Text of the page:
Tuesday, September 11, 2007

Making Potpourri

As our gardens are winding down, it's time to think about some of the crafts we can do to keep it with us over the winter. Some are for sustenance and health, and some are for pleasure. Potpourri is beautiful fragrant stuff. I happen to think that equals sustenance.
Making Potpourri
It is fun and easy to make potpourri, especially if you have kept dried petals fromthe garden. There are just a few "rules" to follow, and the rest is a matter of imagination.
The first decision is choosing a color scheme. What is the predominant color? Where will the potpourri go? And even more important, what scent will it have? Some options would be woodsy, floral, citrusy, spicy, or exotic. For the sake of instruction, we will talk about a woodsy blend.
Begin by fixing the scent. This should be done a week or more before adding it to the botanicals. Orris root granules are an excellent fixative - absorbing and holding the fragrant oils.
In a jar, put 1/2 ounce of orris root, perhaps 1/4 ounce of oak moss, and some hemlock cones, sandalwood chips, frankincense tears, or any mix of these ingredients to make about a cup (these ingredients are woodsy, and just orris root is fine too). Pour about 1/2 ounce of essential or fragrance oil into the jar and shake thoroughly. For a woodsy blend, one might try some balsam fir, pine, frankincense, and patchouli oils. If the intent is to get the benefits of aromatherapy, only essential oils may be used, as fragrance oils - while smelling lovely - have no such effect.
Now mix together the botanicals. Pine cones, cinnamon pieces, citrus peels are all a good start for this one, as well as rose hips, with evergreen needles, oak moss, and some colorful flowers thrown in to perk it up.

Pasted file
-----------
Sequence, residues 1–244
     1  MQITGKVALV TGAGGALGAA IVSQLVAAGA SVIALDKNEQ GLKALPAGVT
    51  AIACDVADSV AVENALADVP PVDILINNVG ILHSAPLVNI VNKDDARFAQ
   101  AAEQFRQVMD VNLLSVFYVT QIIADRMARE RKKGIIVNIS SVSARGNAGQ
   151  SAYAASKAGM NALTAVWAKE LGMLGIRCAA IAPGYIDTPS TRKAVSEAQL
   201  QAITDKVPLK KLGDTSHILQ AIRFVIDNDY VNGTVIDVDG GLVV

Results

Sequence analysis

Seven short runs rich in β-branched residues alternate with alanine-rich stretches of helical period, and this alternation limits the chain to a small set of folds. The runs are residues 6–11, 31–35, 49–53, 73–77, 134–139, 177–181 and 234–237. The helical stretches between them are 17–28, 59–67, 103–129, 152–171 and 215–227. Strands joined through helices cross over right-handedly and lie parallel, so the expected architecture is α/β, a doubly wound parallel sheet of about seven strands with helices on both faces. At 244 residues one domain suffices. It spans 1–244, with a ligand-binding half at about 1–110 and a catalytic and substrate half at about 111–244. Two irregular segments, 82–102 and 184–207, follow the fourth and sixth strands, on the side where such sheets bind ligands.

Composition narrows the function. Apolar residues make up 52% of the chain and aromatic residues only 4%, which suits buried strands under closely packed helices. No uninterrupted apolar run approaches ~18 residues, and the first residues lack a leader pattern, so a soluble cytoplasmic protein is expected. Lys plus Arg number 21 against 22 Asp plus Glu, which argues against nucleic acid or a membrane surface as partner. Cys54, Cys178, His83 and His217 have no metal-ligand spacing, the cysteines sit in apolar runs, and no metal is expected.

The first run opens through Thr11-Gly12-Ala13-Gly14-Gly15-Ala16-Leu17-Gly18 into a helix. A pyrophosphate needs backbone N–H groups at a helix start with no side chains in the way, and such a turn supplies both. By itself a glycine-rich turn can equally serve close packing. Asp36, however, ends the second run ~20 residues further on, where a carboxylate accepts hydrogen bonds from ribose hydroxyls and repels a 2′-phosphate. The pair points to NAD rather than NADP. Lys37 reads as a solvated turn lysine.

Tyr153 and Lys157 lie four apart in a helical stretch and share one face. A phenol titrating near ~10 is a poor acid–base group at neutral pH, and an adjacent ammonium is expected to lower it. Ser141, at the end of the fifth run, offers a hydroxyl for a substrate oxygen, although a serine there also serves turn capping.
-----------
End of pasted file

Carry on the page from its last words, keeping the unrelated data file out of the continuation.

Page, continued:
If the fixatives have been mixed for a week or so, they can be added to the blend, and the fragrance will last for a very long time - up to a year or more.
Florals would generally use more color, and the fragrances would be light and flowery. Lavender, rose geranium, ylang ylang, for example, with some vanilla or musk to round it out.
A spicy blend can be made up almost entirely of spices - cinnamon pieces, cardamom pods, allspice, coriander, ginger, cloves, etc. Orange or lemon peel look good in there Use corresponding oils, and this blend can also be simmered.
Exotic blends include lots of vanilla, sandalwood, patchouli, vetivert, musk. Colors can be whatever strikes you as exotic.
Finally, you can do whatever you like. Add seashells - interesting pods you find - pebbles... it's up to you!

3 comments:

Herbfarmer said...

I love this! The picture is so pretty.

Tina Sams said...

Thanks Michele :-) - the results of my digging around in an old dump (bottles) and picking things from the garden.

Cindy said...

Great advice Tina, I'll need to cut some more flowers for potpourri.
Cindy

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